The three basic parts of CPR are easily remembered as "ABC": A for airway, B for breathing, and C for circulation.
- A is for airway. The victim's airway must be open for breathing to be restored. The airway may be blocked when someone loses consciousness or may be obstructed by food or another foreign object. In a CPR course, participants learn how to open the airway and position the person so the airway is ready for rescue breathing. The course will include what to do to clear the airway if you believe an infant or child has choked and the airway is blocked.
- B is for breathing. Rescue breathing is begun when a person isn't breathing. Someone performing rescue breathing essentially breathes for the victim by forcing air into the lungs. This procedure includes breathing into the victim's mouth at correct intervals and checking for signs of life. A CPR course will review correct techniques and procedures for rescuers to position themselves to give mouth-to-mouth resuscitation to infants, kids, and adults.
- C is for circulation. Chest compressions can sometimes restore circulation. Two rescue breaths should be provided, followed immediately by 30 chest compressions. This cycle of two rescue breaths and 30 chest compressions is repeated five times in an infant or child with an unwitnessed collapse prior to calling for help. This cycle is immediately resumed and continued until the child recovers or help arrives. It is not necessary to check for signs of circulation to perform this technique. This procedure involves pushing on the chest to help circulate blood and maintain blood flow to major organs. A CPR course will teach you how to perform chest compressions in infants, kids, and adults, and how to coordinate the compressions with rescue breathing.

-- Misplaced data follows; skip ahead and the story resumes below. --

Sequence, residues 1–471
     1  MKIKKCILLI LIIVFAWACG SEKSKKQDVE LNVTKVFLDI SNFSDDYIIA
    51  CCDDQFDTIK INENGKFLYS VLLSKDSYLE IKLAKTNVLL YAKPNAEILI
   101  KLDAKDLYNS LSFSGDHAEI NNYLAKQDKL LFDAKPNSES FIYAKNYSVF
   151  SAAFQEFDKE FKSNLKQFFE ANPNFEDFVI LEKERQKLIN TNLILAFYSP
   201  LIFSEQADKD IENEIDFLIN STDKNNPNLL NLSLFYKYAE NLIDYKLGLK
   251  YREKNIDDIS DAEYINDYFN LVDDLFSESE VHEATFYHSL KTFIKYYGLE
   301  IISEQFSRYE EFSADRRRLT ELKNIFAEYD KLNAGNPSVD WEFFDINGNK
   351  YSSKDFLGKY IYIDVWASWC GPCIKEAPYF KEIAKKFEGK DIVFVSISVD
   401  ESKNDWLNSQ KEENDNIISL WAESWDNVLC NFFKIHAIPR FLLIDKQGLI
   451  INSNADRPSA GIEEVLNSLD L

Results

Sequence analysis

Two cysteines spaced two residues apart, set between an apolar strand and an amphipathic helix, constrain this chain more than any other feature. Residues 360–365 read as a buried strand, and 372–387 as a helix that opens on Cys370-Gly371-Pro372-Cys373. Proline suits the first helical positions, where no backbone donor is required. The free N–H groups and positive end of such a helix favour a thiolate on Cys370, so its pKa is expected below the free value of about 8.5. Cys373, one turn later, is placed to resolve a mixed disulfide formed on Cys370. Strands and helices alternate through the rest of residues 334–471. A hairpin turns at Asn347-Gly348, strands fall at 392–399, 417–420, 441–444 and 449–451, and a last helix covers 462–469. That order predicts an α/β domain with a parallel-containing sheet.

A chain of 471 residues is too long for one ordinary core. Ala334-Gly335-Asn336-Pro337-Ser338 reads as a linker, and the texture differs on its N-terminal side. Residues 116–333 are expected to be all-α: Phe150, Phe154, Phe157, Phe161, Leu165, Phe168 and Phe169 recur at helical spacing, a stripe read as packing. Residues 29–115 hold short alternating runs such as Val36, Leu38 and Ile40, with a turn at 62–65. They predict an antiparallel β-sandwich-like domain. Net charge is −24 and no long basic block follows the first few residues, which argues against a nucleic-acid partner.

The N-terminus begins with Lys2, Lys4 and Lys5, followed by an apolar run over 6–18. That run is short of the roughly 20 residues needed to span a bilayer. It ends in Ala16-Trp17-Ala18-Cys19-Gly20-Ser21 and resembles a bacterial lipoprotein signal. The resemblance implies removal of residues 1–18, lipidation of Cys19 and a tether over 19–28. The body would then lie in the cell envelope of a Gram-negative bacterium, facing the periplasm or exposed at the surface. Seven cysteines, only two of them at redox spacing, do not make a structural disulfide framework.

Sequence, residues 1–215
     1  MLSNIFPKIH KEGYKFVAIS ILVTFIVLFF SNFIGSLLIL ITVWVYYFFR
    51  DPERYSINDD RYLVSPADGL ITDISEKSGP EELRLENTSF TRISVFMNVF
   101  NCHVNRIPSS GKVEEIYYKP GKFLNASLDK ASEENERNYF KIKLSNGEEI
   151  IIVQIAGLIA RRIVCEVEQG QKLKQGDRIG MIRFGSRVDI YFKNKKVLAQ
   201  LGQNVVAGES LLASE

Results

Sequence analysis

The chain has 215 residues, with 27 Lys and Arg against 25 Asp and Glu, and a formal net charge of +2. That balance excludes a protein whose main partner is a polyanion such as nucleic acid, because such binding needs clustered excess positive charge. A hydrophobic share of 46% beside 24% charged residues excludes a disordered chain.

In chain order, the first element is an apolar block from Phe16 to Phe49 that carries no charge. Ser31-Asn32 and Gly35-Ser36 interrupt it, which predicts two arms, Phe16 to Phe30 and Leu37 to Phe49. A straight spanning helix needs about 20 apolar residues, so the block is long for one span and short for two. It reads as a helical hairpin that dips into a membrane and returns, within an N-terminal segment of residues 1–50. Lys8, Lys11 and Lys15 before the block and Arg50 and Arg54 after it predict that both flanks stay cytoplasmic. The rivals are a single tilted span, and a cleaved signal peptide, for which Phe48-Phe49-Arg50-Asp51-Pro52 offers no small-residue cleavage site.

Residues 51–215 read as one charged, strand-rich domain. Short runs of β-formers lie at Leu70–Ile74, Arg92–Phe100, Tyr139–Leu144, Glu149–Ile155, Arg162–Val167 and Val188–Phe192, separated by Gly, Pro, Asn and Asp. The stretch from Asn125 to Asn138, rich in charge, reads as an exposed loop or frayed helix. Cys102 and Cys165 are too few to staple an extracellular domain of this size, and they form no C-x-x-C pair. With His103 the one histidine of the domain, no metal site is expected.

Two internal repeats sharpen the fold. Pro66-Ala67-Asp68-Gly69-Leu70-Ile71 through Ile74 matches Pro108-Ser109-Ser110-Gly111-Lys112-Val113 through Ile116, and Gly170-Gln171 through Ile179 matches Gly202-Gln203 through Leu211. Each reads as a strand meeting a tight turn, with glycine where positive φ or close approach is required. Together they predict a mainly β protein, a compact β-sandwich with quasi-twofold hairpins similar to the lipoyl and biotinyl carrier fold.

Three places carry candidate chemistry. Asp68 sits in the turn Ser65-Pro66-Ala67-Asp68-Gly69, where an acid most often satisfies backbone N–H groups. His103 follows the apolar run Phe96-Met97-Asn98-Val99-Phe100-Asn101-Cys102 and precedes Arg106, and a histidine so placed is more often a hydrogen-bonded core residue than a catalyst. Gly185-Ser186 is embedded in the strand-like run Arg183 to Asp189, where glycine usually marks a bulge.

Taking a CPR Course
Nearby hospitals and your local chapters of the American Heart Association (AHA) and the American Red Cross are good sources for finding a CPR course in your area.
Qualified instructors may use videos, printed materials, and demonstrations on mannequins representing infants, children, and adults to teach proper techniques for performing CPR.
The AHA's basic life support course that includes CPR lasts about 3 hours and takes place within one session. The course covers adult, child, and infant CPR and choking. Participants practice the techniques on mannequins and can ask questions and get individualized instruction. The final test for the course is a combination of demonstrating CPR skills and taking a written test.
Because CPR is a skill that must be practiced, it's wise to repeat the course at least every 2 years to maintain your skills. Doing so also allows you to learn about any new advances or discoveries in CPR techniques.
Remember, taking a CPR course could help you save your child's — or someone else's — life someday.
Reviewed by: Nicole Green, MD
Date reviewed: October 2009
Note: All information is for educational purposes only. For specific medical advice, diagnoses, and treatment, consult your doctor.